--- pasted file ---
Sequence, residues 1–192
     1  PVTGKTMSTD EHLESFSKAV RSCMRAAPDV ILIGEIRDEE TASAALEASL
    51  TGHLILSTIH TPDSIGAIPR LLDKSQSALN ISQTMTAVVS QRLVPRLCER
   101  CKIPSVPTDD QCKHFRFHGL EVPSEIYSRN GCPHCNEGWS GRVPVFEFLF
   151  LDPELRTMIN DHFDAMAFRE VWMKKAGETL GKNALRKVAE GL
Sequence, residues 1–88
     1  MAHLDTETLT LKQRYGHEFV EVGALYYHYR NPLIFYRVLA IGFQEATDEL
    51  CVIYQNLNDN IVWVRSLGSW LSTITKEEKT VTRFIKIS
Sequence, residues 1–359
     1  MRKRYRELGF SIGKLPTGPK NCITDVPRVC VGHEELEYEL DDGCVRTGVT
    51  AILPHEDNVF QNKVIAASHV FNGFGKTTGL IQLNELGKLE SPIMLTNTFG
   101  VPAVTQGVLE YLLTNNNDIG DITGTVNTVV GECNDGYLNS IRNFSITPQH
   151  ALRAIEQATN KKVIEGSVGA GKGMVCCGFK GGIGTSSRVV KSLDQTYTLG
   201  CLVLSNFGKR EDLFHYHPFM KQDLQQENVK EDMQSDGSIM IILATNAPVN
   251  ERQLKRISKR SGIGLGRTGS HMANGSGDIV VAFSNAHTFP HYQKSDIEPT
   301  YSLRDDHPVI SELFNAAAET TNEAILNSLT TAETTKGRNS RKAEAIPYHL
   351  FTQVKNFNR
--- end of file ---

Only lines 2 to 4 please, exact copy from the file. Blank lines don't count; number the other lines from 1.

     1  PVTGKTMSTD EHLESFSKAV RSCMRAAPDV ILIGEIRDEE TASAALEASL
    51  TGHLILSTIH TPDSIGAIPR LLDKSQSALN ISQTMTAVVS QRLVPRLCER
   101  CKIPSVPTDD QCKHFRFHGL EVPSEIYSRN GCPHCNEGWS GRVPVFEFLF